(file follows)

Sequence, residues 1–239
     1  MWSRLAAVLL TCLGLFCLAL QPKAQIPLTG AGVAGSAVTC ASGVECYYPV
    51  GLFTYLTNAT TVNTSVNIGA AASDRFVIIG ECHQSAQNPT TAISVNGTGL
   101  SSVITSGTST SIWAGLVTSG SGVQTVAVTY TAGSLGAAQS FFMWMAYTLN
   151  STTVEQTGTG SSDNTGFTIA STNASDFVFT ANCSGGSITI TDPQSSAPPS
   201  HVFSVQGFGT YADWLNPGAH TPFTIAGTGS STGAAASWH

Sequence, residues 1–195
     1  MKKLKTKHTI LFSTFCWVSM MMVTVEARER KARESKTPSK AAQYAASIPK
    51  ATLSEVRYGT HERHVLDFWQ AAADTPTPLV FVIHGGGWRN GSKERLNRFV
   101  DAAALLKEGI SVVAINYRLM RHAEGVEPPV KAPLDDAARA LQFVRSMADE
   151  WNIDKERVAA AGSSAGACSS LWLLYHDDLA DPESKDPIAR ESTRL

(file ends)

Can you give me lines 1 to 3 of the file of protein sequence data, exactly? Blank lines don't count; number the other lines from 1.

Sequence, residues 1–239
     1  MWSRLAAVLL TCLGLFCLAL QPKAQIPLTG AGVAGSAVTC ASGVECYYPV
    51  GLFTYLTNAT TVNTSVNIGA AASDRFVIIG ECHQSAQNPT TAISVNGTGL